Friday, January 18, 2008

Biodiesel in OZ according to

Below is a bit of recent information regarding Biodiesel in Australia and world wide. It was sourced from (of which I have no personal connection).

The first major point is that biodiesel is made from renewable resources (vegetable oil and animal fats). Not having to worry about running out in the future is a major plus. In addition to being able to sustain biodiesel in our own back yards, the decrease of dependence on foreign oil is a huge step. This will also create more jobs (such as biodiesel crop farming) and in turn boost our economy. Another major positive for biodiesel is that it’s better for our environment.

It produces a lot less emission than normal petrol diesel. As a matter of fact, the toxicity is less than ordinary table salt and it’s as biodegradable as sugar!

Toxicity facts for biodiesel usage include:

emissions that cause health problems such as asthma are reduced 47%
carbon monoxide (which is poisonous) is reduced 48%
carbon dioxide is 80% less
sulfur dioxide, which causes acid rain, is practically eliminated
combustion leaves 90% less unburned hydrocarbons, causing hydrocarbon emission (which produces smog and ozone depletion) to decrease 90% Other positive qualities of biodiesel are:

It does not use more energy to make than it produces. Including the planting and harvesting of crops, as well as fuel production and transportation, for every unit of energy it takes to make biodiesel, 3.2 units are gained.

It can be mixed at any level with petroleum diesel to create a blend that is suitable for cars with minor, if any modifications (the most common is B-20, which is 20% biodiesel and 80% petrol diesel).

It has very little difference in performance, consumption, horsepower, torque, and haulage rates compared to diesel fuel.

The flash temperature (temperature it ignites in the air) is much higher for biodiesel making it safer to be around. Significantly, biodiesel is the only alternative fuel to pass the Environmental Protection Agency’s safety testing in the US (one of the most thorough testing for current technology).

Some negative points -

Biodiesel has a tendency to gel up in cold weather, which is a potential problem in colder climates.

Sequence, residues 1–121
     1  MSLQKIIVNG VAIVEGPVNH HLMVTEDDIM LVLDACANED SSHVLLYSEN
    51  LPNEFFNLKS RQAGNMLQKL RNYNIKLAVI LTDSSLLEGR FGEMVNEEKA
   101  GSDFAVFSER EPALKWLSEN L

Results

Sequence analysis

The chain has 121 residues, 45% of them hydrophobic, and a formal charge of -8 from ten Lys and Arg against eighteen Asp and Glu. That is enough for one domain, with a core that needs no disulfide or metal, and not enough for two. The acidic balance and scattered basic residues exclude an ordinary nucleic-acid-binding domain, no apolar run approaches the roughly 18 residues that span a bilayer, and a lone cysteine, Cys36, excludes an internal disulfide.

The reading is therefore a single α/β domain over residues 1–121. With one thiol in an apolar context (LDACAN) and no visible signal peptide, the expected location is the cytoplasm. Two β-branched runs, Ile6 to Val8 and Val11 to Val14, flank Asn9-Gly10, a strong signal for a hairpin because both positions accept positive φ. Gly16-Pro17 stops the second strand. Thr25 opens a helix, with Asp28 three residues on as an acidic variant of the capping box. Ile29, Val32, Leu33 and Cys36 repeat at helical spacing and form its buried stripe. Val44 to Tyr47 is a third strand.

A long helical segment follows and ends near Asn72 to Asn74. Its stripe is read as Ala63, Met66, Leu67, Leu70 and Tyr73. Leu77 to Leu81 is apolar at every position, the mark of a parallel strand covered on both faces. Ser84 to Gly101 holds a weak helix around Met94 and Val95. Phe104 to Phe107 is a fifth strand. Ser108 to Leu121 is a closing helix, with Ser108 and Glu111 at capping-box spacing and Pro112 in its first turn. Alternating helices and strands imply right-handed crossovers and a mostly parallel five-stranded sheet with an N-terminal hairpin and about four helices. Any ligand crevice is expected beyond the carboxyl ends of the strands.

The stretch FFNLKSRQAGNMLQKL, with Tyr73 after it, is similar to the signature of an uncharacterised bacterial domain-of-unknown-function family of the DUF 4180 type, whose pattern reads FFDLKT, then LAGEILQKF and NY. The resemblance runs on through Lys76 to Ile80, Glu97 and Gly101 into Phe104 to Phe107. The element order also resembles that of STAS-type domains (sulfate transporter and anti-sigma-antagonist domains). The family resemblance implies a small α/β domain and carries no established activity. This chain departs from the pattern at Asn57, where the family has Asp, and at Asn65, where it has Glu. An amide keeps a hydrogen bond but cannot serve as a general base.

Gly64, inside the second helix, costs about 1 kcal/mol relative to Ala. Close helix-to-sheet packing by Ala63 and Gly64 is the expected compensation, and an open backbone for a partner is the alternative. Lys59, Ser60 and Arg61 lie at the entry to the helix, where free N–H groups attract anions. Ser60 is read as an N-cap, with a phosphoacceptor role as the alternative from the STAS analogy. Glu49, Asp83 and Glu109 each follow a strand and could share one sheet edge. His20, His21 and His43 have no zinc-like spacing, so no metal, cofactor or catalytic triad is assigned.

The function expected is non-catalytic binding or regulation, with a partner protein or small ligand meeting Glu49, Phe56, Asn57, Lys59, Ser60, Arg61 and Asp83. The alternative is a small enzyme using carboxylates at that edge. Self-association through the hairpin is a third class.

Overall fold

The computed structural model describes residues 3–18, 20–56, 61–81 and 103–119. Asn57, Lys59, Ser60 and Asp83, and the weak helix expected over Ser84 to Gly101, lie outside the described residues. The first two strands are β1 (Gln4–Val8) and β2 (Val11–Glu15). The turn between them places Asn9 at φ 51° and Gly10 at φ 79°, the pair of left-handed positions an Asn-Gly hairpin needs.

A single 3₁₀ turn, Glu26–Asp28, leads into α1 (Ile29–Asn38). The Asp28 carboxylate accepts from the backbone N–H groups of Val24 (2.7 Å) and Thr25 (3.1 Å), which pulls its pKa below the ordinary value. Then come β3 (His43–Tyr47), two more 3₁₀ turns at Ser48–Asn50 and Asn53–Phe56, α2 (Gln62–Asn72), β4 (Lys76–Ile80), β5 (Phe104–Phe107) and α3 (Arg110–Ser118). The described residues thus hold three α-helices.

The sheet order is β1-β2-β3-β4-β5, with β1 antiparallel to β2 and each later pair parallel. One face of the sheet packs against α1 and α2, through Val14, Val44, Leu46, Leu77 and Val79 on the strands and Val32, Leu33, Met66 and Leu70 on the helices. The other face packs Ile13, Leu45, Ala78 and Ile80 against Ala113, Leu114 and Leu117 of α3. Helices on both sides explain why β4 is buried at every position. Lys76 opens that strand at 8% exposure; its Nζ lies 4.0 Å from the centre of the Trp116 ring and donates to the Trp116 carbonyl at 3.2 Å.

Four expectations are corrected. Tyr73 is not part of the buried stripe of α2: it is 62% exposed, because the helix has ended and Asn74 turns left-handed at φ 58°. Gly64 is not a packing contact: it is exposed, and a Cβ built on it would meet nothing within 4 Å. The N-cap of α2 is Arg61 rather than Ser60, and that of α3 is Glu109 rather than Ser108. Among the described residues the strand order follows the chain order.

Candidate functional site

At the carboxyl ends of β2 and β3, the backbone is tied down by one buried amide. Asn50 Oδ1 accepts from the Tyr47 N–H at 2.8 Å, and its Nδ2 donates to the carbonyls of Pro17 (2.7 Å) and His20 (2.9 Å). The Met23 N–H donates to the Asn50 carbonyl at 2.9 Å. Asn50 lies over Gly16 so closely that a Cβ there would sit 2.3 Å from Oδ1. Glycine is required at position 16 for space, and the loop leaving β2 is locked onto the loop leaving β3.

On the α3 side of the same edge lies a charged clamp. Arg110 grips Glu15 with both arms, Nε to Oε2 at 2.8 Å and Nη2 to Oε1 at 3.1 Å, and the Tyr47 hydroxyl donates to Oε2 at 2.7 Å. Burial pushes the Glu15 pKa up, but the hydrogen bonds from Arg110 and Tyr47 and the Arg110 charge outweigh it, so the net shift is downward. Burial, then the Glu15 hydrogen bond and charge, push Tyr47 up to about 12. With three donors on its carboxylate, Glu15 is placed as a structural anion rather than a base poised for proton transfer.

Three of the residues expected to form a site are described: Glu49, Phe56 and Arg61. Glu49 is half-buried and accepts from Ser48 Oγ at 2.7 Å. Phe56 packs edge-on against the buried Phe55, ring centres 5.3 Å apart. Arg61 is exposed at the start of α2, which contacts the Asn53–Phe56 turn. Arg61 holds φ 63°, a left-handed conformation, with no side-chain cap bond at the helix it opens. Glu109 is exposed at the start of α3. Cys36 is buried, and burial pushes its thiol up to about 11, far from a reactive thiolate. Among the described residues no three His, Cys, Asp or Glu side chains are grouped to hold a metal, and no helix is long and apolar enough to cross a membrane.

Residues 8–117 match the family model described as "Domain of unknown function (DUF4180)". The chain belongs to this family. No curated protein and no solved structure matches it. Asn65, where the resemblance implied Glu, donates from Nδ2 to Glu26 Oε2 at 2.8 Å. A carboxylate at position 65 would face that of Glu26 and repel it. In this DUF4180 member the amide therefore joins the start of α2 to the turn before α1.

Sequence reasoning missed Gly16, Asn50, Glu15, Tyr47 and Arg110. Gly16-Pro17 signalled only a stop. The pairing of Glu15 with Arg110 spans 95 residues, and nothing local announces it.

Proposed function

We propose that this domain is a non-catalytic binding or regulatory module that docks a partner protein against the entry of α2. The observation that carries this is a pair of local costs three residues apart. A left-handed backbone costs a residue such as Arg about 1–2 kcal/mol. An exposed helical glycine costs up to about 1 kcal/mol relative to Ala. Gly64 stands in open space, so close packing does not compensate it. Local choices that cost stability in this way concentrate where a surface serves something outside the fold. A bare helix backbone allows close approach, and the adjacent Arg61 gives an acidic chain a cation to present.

Another possible negative is that depending on the mixture, emissions of nitrogen oxide, a greenhouse gas, can be slightly higher than petrol diesel.

Also, like normal fuel, biodiesel has a shelf life which tends to be between 6-12 months. Since biodiesel is a low sulfur fuel, it may cause some damage to car parts. For this reason, many equipment manufacturers have switched their parts to ones suitable for low sulfur fuel.

Where can I get it?

Biodiesel producers and petrol distributors should be able to provide it for you, or at least tell you the nearest place that sells biodiesel. There are public biodiesel pumps now available, so you can fill up with clean fuel at the station as usual. There is one in Sydney called The Biodiesel Station located at 73 Marrickville Road, Marrickville NSW 2204. This station supplies the B50 biodiesel (half bio, half petrol diesel).

What’s the deal in Australia?

Currently, Australia relies on foreign countries for more than 50% of our fuel. Advocates of biodiesel claim that increasing our use of biodiesel will not only increase Australia’s independence, but also create more jobs such as biodiesel crop farming. Action is being taken to integrate biodiesel into the country and our daily lives. The Leichhardt Municipal Council in Sydney has switched over all of its trucks, sweepers, tractors and mowers to B50 biodiesel.

This has reduced their Greenhouse gas emissions by at least 30% and sets an example for other companies to follow. In the Northern Territory 5 Darwin busses are now running on biodiesel for a trial. Also, Natural Fuels is creating a 77 million dollar biodiesel facility at East Arm in the Northern Terrritory.

This facility will provide three times more production than existing plants in Australia. The Federal Government has helped out by implementing a tax exemption for biodiesel to encourage people to use this environment friendly resource. This ultimately lowers the costs of biodiesel making it more affordable than normal petrol.

A new biodiesel plant opened in Adelaide at the end of March 2006. It is capable of producing about 45 million litres of diesel per year (keep in mind the US and Europe are producing 1-2 billion litres per year). The government has made a target of 350 million megalitres of renewable fuel to be made each year. Global scopeBiodiesel is now being used in Germany, Italy, Austria, Czech Republic, Malaysia, Sweden, France, the US, Australia and many more countries.

France is the world’s largest producer, integrating biodiesel into every litre of low sulphur diesel in the country. In Sweden, they have made the first biogas run train! Also, in the US, the federal and state vehicles are a good way into their switch to using biodiesel blends.

Sourced from -

Biodiesel in Australia - First Words.


This is the first post for this blog related to all facets of biodiesel production in Australia and other parts of the world that have the potential for producing biodiesel for ecological or economical reasons.

The ability to transform the transport industry through using a variety of sources such as animal and plant oil waste, low maintenance plant species and algae has great potential in Australia and the ability to increase jobs and create a more ecologically considerate economy.

I will be posting a variety of articles over time related to the young field of biodiesel production. Lets work together to make this a reality, change the way we live on this planet and promote the making of an economy based on more ethical sources.